It has been a relatively inactive peak to the latest solar cycle, and for UK sky watchers who look for the Aurora Borealis this has meant dark skies for most of the winter. However, Sunspot 1990 emitted a large eruption of radiation on the 25 of February 2014 from the sun's atmosphere and this provided one of the best displays of the "Northern Lights" in the last decade over the British Isles.
A large, pale green glow was visible by the naked eye for most of the evening along the northern horizon and occasionally it came to life with brilliant displays of red and orange over the top of it along with auroral pillars moving along the horizon like waving curtains. The peak of activity across East Anglia was just after 8pm and just before 10pm on the evening of 27 February 2014.
One of our meteorologists, Chris Bell was out with his camera and snapped dozens of pictures during the evening and here are a few
Chris Bell 28th February 2014
It's 3pm on Christmas Day: Time for the Queen's Speech...
Have you ever considered why the Queen's speech is at 3pm? Well, here's a little nugget to talk about after you've all enjoyed the turkey and just settling down for the Queen's Speech, or maybe providing an extra question for all those quiz games unwrapped this morning...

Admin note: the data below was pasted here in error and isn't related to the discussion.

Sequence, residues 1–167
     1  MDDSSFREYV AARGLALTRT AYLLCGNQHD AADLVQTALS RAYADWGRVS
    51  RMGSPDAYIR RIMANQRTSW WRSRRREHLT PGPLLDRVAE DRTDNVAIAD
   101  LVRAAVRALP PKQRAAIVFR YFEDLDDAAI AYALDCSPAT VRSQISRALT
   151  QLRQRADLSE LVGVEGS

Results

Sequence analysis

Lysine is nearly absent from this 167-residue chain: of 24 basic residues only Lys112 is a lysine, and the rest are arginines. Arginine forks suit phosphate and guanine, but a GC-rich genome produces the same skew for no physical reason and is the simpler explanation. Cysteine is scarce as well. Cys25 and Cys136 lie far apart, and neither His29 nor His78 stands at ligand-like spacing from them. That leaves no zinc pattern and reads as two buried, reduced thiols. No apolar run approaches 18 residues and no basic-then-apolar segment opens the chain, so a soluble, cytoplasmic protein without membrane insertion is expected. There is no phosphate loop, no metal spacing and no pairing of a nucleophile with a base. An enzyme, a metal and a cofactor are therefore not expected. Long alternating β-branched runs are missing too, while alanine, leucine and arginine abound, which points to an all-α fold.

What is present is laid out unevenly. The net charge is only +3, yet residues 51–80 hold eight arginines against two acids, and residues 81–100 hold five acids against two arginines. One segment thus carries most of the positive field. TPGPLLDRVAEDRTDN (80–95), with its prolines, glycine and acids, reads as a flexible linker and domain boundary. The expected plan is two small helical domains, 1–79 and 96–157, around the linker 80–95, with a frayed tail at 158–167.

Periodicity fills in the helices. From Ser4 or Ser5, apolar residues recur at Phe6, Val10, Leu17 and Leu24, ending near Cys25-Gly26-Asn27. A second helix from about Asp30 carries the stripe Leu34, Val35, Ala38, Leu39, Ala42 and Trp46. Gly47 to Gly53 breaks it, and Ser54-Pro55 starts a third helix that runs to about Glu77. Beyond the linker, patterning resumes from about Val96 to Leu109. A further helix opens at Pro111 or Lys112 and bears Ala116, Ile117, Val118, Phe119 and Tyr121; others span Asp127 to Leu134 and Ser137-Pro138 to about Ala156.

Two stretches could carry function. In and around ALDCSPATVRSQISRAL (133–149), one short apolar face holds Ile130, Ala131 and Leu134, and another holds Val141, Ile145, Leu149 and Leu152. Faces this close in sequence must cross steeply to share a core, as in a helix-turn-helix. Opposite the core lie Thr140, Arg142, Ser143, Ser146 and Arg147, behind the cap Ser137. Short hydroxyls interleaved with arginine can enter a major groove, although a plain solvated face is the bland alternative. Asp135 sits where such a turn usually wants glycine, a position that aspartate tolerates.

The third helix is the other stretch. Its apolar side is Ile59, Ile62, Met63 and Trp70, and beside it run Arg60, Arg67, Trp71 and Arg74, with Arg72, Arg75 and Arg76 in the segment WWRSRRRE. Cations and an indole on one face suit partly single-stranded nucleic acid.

Apparently the time was fixed when the radio broadcasts started in 1932, when King George V made the first transmission from Sandringham. The time of 3pm was chosen because it was considered the best time for the short-wave radio broadcast signals to reach all corners of the Commonwealth at the same time.
For long distance radio communication on the short wave bands, the path between the two points needs to be in sunlight, or have recently been in sunlight, for the ionosphere to become a reflecting layer. Signals can then travel up to the ionosphere at around 300km and then bounce back to earth up to 4000km away. Routes to the farthest corners of the Empire would have required several 'bounces' to get there. The Indian sub-continent at the end of its day has a sunlit path to Britain, whilst in westward direction the path to Canada and the Caribbean is just coming into its daylight, so completing the link both to the east and west.
I know it is not strictly weather, but even if it is cloudy where you are, there is sunshine on the ionosphere and its setting the time for one of the key events of Christmas Day.
Knowledge of radio propagation is still used by radio amateurs to plan contacts around the world, and several other royals have been known to make use of this piece of physics, including King Juan Carlos I of Spain and the late King Hussein of Jordan, both radio amateurs themselves.
For more information visit www.royal.gov.uk and the RSGB website.
Merry Christmas from the Weatherquest team.
Jim Bacon 24th December 2013
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Time Lapse Playlist 2013
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